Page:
Impact of treatment strategy on outcomes in patients with candidemia and other forms of invasive candidiasis: A patient-level quantitative review of randomized trials

David R. Andes, Nasia Safdar, John W. Baddley, Geoffrey Playford, Annette C. Reboli, John H. Rex, Jack D. Sobel, Peter G. Pappas, Bart Jan Kullberg

    Research output: Contribution to journalReview articlepeer-review

    489 Scopus citations

    Abstract

    Background. Invasive candidiasis (IC) is an important healthcare-related infection, with increasing incidence and a crude mortality exceeding 50%. Numerous treatment options are available yet comparative studies have not identified optimal therapy.Methods.We conducted an individual patient-level quantitative review of randomized trials for treatment of IC and to assess the impact of host-, organism-, and treatment-related factors on mortality and clinical cure. Studies were identified by searching computerized databases and queries of experts in the field for randomized trials comparing the effect of ≥2 antifungals for treatment of IC. Univariate and multivariable analyses were performed to determine factors associated with patient outcomes. Results. Data from 1915 patients were obtained from 7 trials. Overall mortality among patients in the entire data set was 31.4%, and the rate of treatment success was 67.4%. Logistic regression analysis for the aggregate data set identified increasing age (odds ratio [OR], 1.01; 95% confidence interval [CI], 1.00-1.02; P =. 02), the Acute Physiology and Chronic Health Evaluation II score (OR, 1.11; 95% CI, 1.08-1.14; P =. 0001), use of immunosuppressive therapy (OR, 1.69; 95% CI, 1.18-2.44; P =. 001), and infection with Candida tropicalis (OR, 1.64; 95% CI, 1.11-2.39; P =. 01) as predictors of mortality. Conversely, removal of a central venous catheter (CVC) (OR, 0.50; 95% CI,. 35-.72; P =. 0001) and treatment with an echinocandin antifungal (OR, 0.65; 95% CI,. 45-.94; P =. 02) were associated with decreased mortality. Similar findings were observed for the clinical success end point. Conclusions. Two treatment-related factors were associated with improved survival and greater clinical success: use of an echinocandin and removal of the CVC.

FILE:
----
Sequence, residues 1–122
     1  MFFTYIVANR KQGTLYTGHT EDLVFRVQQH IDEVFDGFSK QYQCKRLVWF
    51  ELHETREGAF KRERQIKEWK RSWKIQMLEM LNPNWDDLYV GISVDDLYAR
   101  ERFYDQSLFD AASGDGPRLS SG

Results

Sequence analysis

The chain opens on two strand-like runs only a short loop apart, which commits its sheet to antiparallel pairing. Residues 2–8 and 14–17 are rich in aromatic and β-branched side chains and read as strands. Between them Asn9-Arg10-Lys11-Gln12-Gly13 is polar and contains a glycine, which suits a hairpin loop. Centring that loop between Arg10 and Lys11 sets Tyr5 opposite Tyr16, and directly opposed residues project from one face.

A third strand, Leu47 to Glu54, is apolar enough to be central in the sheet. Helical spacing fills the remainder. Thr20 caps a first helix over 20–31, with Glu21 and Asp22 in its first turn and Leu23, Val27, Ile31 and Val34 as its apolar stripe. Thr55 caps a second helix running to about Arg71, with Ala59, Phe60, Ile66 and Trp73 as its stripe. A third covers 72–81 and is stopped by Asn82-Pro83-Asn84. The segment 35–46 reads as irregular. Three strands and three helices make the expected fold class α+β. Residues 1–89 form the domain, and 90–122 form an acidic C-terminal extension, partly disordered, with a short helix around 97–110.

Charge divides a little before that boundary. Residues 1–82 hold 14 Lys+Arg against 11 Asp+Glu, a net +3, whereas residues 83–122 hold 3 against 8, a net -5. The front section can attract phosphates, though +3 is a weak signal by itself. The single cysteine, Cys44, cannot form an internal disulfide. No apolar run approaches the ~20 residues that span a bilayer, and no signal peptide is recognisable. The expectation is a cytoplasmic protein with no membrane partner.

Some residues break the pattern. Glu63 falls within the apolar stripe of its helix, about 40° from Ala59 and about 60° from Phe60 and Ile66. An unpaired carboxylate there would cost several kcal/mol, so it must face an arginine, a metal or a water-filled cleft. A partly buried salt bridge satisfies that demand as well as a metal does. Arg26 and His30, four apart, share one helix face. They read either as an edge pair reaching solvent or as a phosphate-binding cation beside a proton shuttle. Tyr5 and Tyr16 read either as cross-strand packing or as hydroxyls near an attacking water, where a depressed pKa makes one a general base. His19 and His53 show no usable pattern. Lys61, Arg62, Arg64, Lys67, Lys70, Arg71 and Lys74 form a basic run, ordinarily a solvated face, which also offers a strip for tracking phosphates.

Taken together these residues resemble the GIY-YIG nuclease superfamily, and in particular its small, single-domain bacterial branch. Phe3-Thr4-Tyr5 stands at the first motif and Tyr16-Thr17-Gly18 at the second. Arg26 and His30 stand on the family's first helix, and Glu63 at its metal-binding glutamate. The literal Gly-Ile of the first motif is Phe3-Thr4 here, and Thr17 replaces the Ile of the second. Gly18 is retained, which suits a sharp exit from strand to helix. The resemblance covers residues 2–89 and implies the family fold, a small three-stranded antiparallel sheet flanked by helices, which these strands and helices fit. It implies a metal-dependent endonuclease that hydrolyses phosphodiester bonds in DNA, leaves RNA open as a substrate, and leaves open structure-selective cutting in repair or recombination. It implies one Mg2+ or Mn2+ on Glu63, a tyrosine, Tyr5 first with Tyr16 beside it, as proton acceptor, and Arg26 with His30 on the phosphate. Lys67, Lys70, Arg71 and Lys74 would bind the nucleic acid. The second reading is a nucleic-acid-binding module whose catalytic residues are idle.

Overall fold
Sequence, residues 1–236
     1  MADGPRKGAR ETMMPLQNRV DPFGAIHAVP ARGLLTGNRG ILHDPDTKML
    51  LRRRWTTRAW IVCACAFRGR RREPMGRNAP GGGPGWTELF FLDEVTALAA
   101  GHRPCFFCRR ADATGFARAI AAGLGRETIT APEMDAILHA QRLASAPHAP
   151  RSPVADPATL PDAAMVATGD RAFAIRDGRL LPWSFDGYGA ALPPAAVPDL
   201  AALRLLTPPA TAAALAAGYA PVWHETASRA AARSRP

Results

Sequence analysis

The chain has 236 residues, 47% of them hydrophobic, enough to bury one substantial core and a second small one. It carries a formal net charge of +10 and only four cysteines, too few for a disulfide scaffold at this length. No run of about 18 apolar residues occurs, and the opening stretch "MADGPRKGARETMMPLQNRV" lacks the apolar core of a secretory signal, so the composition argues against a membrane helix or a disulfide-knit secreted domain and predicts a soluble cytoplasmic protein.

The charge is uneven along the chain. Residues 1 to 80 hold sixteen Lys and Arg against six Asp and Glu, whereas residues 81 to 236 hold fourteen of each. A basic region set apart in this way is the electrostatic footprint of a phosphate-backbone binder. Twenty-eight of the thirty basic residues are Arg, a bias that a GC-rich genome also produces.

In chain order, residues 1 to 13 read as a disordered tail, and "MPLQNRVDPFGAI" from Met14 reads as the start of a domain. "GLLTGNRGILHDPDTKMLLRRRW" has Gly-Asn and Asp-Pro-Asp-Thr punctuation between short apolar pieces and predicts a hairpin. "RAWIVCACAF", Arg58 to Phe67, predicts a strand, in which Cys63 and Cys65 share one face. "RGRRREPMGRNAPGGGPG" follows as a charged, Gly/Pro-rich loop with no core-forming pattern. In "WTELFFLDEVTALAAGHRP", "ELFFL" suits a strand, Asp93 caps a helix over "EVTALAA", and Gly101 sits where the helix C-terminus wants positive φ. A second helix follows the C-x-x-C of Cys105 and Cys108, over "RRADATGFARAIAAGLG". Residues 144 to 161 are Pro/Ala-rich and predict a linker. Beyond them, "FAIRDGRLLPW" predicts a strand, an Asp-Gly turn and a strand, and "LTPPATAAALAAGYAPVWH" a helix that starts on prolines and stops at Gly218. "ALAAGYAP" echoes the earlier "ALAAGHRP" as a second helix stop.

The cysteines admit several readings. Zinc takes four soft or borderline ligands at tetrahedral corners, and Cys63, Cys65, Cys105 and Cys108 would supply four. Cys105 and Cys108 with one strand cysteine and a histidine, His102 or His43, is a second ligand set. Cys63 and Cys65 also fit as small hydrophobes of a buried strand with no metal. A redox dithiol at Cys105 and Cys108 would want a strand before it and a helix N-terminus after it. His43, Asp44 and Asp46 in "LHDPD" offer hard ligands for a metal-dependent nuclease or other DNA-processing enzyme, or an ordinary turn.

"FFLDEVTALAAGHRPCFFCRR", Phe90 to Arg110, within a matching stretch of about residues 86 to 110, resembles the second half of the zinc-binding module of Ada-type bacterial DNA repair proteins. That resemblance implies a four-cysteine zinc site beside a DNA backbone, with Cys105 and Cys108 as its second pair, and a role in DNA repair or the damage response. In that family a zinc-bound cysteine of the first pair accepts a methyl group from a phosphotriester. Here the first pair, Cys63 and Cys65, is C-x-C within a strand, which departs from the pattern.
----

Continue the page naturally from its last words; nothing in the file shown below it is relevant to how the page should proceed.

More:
Original languageEnglish (US)
    Pages (from-to)1110-1122
    Number of pages13
    JournalClinical Infectious Diseases
    Volume54
    Issue number8
    DOIs
    StatePublished - Apr 15 2012

    All Science Journal Classification (ASJC) codes

    • Microbiology (medical)
    • Infectious Diseases

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